Over the Hill at Amity
By Karl Klooster
On a recent Thursday afternoon, with the 2011 harvest fast approaching, Amity Vineyards co-owners Myron Redford and Vikki Wetle sat at a picnic table affording an unimpeded view to the southwest across their Amity Hills vineyard.
Past the 14 acres of estate vines, high clouds on a dry day allowed the wine-wise couple to see a broad swath of the Yamhill Valley’s expanse, culminating in the foothills of the Coast Range.
It was Thursday, Oct. 13. Typically, weather prospects for the coming couple of weeks were uncertain. Predictions of rain, clearing, resumption of rain and clearing again were changing almost daily.
Redford sized up the situation this way: “I learned early on not to panic about bad weather and pick too early. I’ve always waited through late-season rain and let ‘em hang until they’re ripe. And it’s always paid off, except for 1984.”
That single sodden season has been the only complete washout of the 37 seasons he has seen since arriving in 1974. With help from his mom, Redford and Janis Checchia acquired the hillside land and five acres of vineyard planted by Jerry and Anne Preston that year.
At the time, he was among a handful of intrepid pioneers given slim odds of succeeding. Over the years since, he has been an active and involved participant in and important contributor to the industry’s growth.
He has mentored many budding young winemakers who have moved on to successful careers and even more interns from foreign countries and other parts of the U.S. who have returned home to make solid contributions to their own wine industries.
Like Lett, Erath, Adelsheim and Ponzi, Redford was on the cutting edge. Almost everything he did was experimental, untested.
There was no guidebook pointing to the right path, no manuals providing step-by-step instructions. He made it up as he went along.
To be sure, those early stalwarts met regularly to discuss, argue, compare notes and ponder before returning to their respective vineyards and wineries to put some of the collectively considered ideas into practice.
Redford was as adventurous and innovative as any of them. He made a successful Beaujolais Nouveau-style Pinot Noir in 1977, taking a calculated risk on something that had never before been done before in Oregon and only a few times in California.
In 1980, his first Pinot Noir releases garnered regional gold medals. In 1987, he was one of the key players in the launch of the first International Pinot Noir Celebration. In 1988, he released the first “true” American Beaujolais from Gamay Noir grapes.
Redford and Wetle met in 1980 when Wetle, then a nurse, visited the winery to participate in one of the final harvest parties. She said Redford’s mother invited her to stay for dinner, and she never left.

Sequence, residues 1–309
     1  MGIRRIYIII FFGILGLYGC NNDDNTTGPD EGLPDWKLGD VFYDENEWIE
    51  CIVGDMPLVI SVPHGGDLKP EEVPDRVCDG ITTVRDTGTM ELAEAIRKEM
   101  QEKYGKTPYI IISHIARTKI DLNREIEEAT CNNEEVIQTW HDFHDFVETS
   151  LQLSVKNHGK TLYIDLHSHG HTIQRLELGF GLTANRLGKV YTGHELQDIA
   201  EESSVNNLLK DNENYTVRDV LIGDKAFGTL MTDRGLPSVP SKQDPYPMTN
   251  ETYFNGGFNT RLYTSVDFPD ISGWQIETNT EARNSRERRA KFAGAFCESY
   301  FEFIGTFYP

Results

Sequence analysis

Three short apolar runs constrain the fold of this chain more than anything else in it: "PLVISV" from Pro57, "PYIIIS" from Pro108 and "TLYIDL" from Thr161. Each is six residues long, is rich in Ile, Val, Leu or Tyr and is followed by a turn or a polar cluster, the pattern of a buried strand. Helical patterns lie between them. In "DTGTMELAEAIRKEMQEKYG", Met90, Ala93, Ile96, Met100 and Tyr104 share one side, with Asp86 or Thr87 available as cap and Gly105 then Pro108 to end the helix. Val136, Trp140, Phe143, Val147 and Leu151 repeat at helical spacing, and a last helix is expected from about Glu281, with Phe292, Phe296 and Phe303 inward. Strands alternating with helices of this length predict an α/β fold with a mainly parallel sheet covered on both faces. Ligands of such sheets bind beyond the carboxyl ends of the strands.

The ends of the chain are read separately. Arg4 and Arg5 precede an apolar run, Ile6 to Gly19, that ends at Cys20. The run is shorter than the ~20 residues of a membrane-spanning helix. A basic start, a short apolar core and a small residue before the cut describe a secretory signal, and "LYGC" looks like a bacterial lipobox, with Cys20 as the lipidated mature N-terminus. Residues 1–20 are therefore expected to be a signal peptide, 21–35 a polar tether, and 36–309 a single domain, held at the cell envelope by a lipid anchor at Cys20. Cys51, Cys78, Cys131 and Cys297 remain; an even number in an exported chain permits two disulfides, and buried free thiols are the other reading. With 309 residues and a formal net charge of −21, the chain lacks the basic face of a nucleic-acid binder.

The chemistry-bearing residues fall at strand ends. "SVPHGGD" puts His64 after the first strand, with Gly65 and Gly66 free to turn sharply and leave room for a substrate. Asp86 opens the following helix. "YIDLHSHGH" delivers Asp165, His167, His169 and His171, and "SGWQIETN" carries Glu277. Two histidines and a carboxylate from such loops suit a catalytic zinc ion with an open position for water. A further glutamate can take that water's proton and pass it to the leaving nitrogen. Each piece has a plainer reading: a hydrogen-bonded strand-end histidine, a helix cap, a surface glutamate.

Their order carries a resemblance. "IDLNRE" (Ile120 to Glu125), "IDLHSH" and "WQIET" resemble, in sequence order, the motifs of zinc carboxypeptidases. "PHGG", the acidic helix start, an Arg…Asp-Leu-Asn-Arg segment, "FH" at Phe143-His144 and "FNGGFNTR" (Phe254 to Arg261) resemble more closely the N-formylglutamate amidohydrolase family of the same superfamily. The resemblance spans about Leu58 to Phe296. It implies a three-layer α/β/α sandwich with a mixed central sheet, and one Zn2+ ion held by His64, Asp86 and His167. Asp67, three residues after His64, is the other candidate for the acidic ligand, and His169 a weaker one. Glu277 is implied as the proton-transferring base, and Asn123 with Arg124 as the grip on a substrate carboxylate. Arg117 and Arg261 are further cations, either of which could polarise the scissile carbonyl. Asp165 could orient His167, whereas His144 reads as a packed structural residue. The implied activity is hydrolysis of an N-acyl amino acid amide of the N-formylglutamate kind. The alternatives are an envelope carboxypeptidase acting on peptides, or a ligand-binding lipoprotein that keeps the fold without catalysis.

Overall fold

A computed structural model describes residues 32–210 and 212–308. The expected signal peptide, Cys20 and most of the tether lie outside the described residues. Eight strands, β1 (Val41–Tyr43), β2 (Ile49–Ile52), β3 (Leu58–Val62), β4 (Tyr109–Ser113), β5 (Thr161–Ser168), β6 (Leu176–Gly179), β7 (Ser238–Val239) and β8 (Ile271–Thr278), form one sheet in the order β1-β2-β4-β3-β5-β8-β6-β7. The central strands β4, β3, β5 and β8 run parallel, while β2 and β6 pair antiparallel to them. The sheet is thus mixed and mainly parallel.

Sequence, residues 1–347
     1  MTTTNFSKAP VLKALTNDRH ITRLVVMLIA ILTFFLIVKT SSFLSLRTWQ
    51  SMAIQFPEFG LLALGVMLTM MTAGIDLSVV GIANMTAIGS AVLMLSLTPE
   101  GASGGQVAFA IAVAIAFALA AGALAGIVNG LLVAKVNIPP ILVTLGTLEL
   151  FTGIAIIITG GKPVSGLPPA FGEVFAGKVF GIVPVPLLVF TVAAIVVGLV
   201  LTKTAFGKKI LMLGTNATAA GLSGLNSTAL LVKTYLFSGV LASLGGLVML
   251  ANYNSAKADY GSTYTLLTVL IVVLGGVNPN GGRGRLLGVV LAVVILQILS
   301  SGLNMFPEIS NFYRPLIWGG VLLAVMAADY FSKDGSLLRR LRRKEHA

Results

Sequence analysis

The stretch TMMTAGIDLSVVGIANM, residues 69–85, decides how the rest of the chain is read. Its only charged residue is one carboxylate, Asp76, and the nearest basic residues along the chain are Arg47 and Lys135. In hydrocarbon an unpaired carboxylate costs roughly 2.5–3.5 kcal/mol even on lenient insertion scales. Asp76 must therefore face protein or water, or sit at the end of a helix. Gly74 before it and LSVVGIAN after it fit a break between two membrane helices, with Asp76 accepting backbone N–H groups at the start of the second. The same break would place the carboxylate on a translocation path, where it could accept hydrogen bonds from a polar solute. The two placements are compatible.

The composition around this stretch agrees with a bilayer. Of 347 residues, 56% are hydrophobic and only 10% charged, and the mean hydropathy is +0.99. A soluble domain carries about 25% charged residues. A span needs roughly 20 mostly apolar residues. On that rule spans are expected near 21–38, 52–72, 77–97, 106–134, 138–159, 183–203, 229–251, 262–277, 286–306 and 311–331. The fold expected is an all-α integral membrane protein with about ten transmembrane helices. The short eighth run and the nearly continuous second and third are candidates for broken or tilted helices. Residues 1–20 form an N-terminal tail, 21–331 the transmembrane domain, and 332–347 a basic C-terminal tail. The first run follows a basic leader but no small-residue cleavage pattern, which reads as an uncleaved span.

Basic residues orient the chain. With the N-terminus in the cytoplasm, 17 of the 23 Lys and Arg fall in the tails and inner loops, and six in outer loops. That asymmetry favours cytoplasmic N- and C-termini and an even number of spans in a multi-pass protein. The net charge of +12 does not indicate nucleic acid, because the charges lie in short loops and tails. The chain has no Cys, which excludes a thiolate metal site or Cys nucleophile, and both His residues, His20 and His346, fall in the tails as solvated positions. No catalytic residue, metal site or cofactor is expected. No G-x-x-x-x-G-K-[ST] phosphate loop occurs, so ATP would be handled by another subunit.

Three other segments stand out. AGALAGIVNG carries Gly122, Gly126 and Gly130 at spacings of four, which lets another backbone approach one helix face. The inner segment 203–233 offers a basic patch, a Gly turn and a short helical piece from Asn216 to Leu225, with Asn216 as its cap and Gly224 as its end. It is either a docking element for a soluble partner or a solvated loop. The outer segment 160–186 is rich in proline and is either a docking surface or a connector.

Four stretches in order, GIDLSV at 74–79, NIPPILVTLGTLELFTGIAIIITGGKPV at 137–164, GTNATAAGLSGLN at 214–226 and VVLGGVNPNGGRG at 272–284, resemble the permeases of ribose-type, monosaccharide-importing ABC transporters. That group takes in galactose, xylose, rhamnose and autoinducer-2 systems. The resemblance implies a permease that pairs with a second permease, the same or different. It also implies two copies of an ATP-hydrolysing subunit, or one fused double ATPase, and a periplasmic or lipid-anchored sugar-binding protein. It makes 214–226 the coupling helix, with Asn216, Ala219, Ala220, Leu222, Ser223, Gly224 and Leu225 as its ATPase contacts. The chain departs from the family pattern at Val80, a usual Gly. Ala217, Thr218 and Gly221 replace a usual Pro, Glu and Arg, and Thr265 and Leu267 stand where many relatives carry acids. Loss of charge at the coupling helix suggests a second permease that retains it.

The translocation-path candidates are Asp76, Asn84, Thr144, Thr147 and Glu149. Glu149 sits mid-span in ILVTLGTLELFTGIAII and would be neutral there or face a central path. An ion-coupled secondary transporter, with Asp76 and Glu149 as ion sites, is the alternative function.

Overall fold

The harvest party has been an annual tradition since 1978, and now centers on a small block of estate Riesling, which ripens later than anything else.
This year, the couple is projecting the picking and party will take place on Saturday, Nov. 12. That would match the latest previous date.
The most challenging year in recent times was 2005,” Redford said. “One of the wettest springs ever, then rain and cool temperatures right at harvest, put us in a tough spot. But then the weather changed late and we brought in ripe, well-balanced fruit.
“It has turned out to be terrific. This is another example of the fact that if you give Pinot Noir a few years of bottle age, the rewards will be well worth your time and patience.”
Redford adheres to organic practices in the vineyard, which he continues to oversee directly. Day-to-day winemaking duties are handled by his protégé, Darcy Pendergrass, who let the wines make themselves with minimal manipulation and limited oak contact.
Redford recalled, “When I first started out, I adopted the philosophy of one of Napa Valley’s great early winemakers, Louis Martini. He said, ‘I want to taste where the wine was grown, not the container in which it was aged.’”
Long-lived Riesling, in styles ranging form bone dry to lush dessert, have risen to share the spotlight with Pinot Noir. Newer on the scene is a stylish, richly flavored Sauvignon Blanc. The winery also produces a classic, dry Gewürztraminer
When asked about future production plans, Redford said, “10,000 cases. “That’s the maximum our winery handles well and that is what we’re aiming for on an ongoing basis.”
Ongoing, meaning that Redford and Wetle intend to keep on keeping on. This is what they love and this is what they intend to do for the foreseeable future.
“We’re in 18 states and about eight foreign countries,” Wetle said. “On Oct. 23, our Willamette Valley Pinot Noir and estate Riesling are going to be served to the president of South Korea at a dinner hosted by Hillary Clinton.”
In other words, life is good. They may not be hobnobbing with the glitterati, but their wine is.
They’ve got their trip down — so much so they can take a trip or two now and then.
Did I hear, Hawaii? Aloha, anyone?